While many other states quickly release sales figures for new cannabis markets, New York has been conspicuously silent.
Missouri? $13 million. Connecticut? $250,000 on day one. New Jersey? Dispensaries grossed $1.9 million from sales to 12,438 customers on the first sales day; 12 of the 13 authorized sales locations were open that day.
Even Vermont reported its new cannabis market sales. In the first two months of the legal market in the state, October and November 2022, Vermont adult-use cannabis sales topped $6.1 million.
New York has stressed that it is taking its program slow and doing it “right” in order to address social equity applicants. So far only two adult-use stores have opened: Housing Works in the last days of 2022 and Smacked shortly after. A third plans to open on Feb. 13.
But inquiries to the New York Office of Cannabis Management and the existing stores regarding sales figures have been met with silence. None responded to a request for information on sales.
Breaking Down the Numbers We Have
According to the year-end report from the OCM, the state collected zero taxes for adult-use cannabis sales in fiscal year 2022 and is forecast to collect $56 million in fiscal year 2023. (New York’s fiscal year runs from April 1-March 31.)
Data for the OCM report is through September 2022. The state’s THC-based and retail excise taxes on the sale of adult-use cannabis products are expected to generate $95 million during the first full year of receipts – meaning FY2024.
In 2021 and the first half of 2022, conditional licensees made up all of the office’s adult-use application and license fee revenue. The AUCC, AUCP, and CAURD licenses all required a $2,000 nonrefundable application and license fee. Total adult-use cannabis revenue from April 1, 2021, to March 31, 2022, was $120,000. The revenue from April 1, 2022, to Sept. 30, 2022, was $1.1 million.
The report stated that the last registration renewal period for the 10 medical cannabis ROs (registered organizations) was in July 2021, which resulted in revenue of $2.1 million. RO registration renewal fees are $200,000 per registration period. This registration renewal will expire in two years with the next renewal due in July 2023.
From April 1, 2021, through Sept. 30, 2022, there were no fines issued to any ROs.
Total medical cannabis revenue from April 1, 2021, to March 31, 2022, was $15 million. The revenue from April 1, 2022, to Sept. 30, 2022, was $6 million.
The state collected $13 million in taxes from medical cannabis sales for FY2022 and estimates that will remain the same for FY 2023.
Revenue is only one part of the story, however.
The OCM was asked about its budget and how much it costs the state to run, but the OCM did not respond. However, on Jan. 18, 2022, Gov. Kathy Hochul’s proposed budget for fiscal year 2022-23 included “cannabis management” as a line item set to receive $46 million for the upcoming fiscal year, April 1, 2022, through March 31, 2023.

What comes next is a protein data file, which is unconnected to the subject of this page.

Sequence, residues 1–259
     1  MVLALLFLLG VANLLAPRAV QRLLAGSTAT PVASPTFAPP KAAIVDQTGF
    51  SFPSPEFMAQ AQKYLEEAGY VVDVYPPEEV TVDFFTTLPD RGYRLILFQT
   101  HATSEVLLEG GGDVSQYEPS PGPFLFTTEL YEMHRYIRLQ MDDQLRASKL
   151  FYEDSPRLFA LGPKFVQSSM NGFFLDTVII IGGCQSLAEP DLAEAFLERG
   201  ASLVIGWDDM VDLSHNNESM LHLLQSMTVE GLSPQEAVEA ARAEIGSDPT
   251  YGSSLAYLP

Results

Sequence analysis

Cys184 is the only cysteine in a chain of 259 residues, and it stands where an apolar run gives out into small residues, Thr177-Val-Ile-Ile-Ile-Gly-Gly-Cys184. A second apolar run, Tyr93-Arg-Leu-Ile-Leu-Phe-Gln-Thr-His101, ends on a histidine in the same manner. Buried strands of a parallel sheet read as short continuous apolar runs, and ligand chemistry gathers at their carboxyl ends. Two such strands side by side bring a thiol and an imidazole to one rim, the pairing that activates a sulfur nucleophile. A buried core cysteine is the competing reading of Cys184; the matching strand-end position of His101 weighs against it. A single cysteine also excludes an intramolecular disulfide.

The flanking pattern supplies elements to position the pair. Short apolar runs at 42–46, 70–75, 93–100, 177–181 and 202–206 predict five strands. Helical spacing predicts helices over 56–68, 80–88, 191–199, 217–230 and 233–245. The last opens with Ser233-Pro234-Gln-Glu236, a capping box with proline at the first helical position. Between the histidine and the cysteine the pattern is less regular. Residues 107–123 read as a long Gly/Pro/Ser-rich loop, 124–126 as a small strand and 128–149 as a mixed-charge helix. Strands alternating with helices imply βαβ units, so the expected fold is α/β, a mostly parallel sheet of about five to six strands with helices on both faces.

The office began with 14 staff in October 2021 and has since grown to 135 staff, with 99 based in Albany and 36 based in New York City. The site currently lists four jobs open that pay between $88,000 and $120,000.
In sum, New York state has spent $46 million on its cannabis program. In the fiscal year 2022, the state collected $15 million on the medical program, $12.9 million in tax revenue, and $2.1 million in registration fees. It collected $864,200 during that same period for cannabinoid hemp and $120,000 for adult-use cannabis. This adds up to a rough total of $16 million.
Looking ahead, the state expects to collect $56 million in taxes. So far only three dispensaries will be open in February. The two dispensaries that are open have been criticized for having expensive products, and quick physical checks have shown that both stores have not been overwhelmed with customers.
Since no one wants to discuss sales figures, it’s difficult to know if the state will hit its goals.
By comparison, Massachusetts recorded $1.3 billion in cannabis sales in 2021 and collected $74 million in tax revenue. Illinois collected $100 million in cannabis taxes in 2021 on sales of $1.3 billion. It’s not an apples-to-apples comparison by any means, however, it does demonstrate the level of sales needed to deliver the hoped-for tax receipts.
New York will be nowhere near hitting these marks at this rate. Granted, it’s expensive to launch these programs and it takes time for these programs to get established. However, with the medical market flatlining and the adult-use market under pressure, it will take New York cannabis much longer to deliver on its promise of being a tax-positive endeavor.
February 9, 2023 at 4:33 pm
2.2 million out of Housing Works in the month of Jan.
2.6 by Feb 4th.
February 10, 2023 at 8:12 am
Is that an official number from Housing Works or the OCM?
February 10, 2023 at 10:18 am
Where did you get these figures? Are they published anywhere?